As our State government provides guidance to help businesses navigate re-opening, we thought it may be helpful to provide some tips to keep yourself and your co-workers, and eventually, families safe, as you return to work on a graduated basis.  Please click the Return to Work Video:

    Return to Work Video

    We encourage you to examine resources available to support your own health and well-being.  If you need assistance, please reach out:

    Employee Assistance Program, Mass4You

    Mass4You is an Employee Assistance Program (EAP) offered by the Group Insurance Commission (GIC) and Commonwealth of Massachusetts for ALL active employees and their families who are eligible for GIC benefits.
    Mass4You – How it works
    Live and Work Well – How to get support – use access code: mass4you

    School Nurses are another valuable resource available to our staff!

    Additional Information

    Maintaining Emotional Health & Well-being
    Centers for Disease Control – (CDC)

    What You Should Know about GIC Health Benefits and the COVID-19 Outbreak
    Families First Coronavirus Response Act (FFCRA) – English
    Families First Coronavirus Response Act (FFCRA) – Spanish

    FFCRA Information & Leave Request Form – English
    FFCRA Information & Leave Request Form – Spanish

    Are you familiar with The Oxygen Mask Complex?  This relates to the airlines when they tell you that in an event of loss of cabin pressure, you need to put your own oxygen mask on before you assist your children or others around you.  You have to take care of yourself before you can help others.

    The Basics

    • Handwashing: When handwashing, individuals should use soap and water to wash all surfaces of their hands for at least 20 seconds, wait for visible lather, rinse thoroughly, and dry with an individual disposable towel.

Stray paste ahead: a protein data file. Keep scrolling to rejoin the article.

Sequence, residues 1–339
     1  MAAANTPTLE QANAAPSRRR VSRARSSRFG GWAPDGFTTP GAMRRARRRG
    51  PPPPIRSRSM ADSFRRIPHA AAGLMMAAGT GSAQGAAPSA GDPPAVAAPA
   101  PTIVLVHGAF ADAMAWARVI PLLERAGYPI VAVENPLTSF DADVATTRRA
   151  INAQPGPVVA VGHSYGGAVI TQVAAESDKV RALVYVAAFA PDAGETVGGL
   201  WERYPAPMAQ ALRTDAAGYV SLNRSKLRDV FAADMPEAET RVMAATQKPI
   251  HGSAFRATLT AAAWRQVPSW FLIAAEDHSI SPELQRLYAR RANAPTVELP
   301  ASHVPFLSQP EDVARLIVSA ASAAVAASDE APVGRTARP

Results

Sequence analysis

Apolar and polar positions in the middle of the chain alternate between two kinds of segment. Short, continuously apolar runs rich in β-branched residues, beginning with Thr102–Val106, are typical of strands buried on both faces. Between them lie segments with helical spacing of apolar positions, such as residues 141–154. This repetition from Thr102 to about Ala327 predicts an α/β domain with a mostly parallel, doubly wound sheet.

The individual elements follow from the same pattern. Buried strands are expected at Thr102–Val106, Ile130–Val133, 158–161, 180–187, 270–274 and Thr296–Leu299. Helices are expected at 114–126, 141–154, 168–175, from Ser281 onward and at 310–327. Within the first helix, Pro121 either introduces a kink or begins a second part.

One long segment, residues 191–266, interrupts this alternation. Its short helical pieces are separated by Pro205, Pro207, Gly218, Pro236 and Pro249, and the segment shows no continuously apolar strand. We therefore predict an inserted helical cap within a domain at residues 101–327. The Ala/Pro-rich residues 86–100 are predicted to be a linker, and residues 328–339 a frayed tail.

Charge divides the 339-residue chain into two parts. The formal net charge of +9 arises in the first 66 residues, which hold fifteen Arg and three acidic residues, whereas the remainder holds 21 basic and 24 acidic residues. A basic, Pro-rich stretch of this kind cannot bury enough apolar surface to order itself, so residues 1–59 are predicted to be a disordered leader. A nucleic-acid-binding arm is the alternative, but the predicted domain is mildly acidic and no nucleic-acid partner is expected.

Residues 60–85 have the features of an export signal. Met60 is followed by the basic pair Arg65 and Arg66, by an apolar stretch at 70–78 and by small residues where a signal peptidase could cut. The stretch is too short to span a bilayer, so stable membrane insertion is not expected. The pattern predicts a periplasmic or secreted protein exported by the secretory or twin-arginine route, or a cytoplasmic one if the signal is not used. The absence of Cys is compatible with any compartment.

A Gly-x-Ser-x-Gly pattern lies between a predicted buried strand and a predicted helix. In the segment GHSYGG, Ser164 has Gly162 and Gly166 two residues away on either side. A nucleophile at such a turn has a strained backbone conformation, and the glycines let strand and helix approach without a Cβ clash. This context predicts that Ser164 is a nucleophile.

• Hand sanitizing: If handwashing is not feasible, hand sanitizer with at least 60 percent ethanol or at least 70 percent isopropanol content can be used. Hand sanitizer should be applied to all surfaces of the hands and in sufficient quantity that it takes 20 seconds of rubbing hands together for the sanitizer to dry.
    • Maintain physical distancing – six feet apart.
    • Practice respiratory hygiene by covering your mouth and nose with your bent elbow or tissue when you cough or sneeze
    • Adults, including educators and staff, are required to wear masks/face coverings.
    • Exceptions to mask/face covering requirements must be made for those for whom it is not possible due to medical conditions, disability impact, or other health or safety factors. Documentation from your health care provider will be required.
    • Avoid touching eyes, nose and mouth
    • Currently all staff are signing in when they enter the building. This self-certification states that they:
    1. Have no signs of a fever or a measured temperature above 100.0 degrees or greater, a cough or trouble breathing within the past 48 hours.
    2. Have not, to their knowledge, had “close contact” with an individual diagnosed with COVID-19. “Close contact” means living in the same household as a person who has tested positive for COVID-19, caring for a person who has tested positive for COVID-19, being within 6 feet of a person who has tested positive for COVID-19 for about 15 minutes, or coming in direct contact with secretions (e.g., sharing utensils, being coughed on) from a person who has tested positive for COVID-19, while that person was symptomatic.
    3. Have not been asked to self-isolate or quarantine by their doctor or a local public health official.

    NOTE: Employees exhibiting symptoms or unable to self-certify will not enter the building.  They will contact their Principal/Department Head, leave the work site, and seek medical attention and applicable testing by their health care provider. They may not return to the work site until cleared by a medical professional. A note from a health care provider clearing the employee to return to work must be submitted to the Human Resource Department.

    Department of Elementary and Secondary Education (DESE)

    Licensure and MTEL Information

     

    Important!

    Revised: 9/21/2020

(978) 374-3400
Copyright © 2013 Haverhill Public Schools. All Rights Reserved.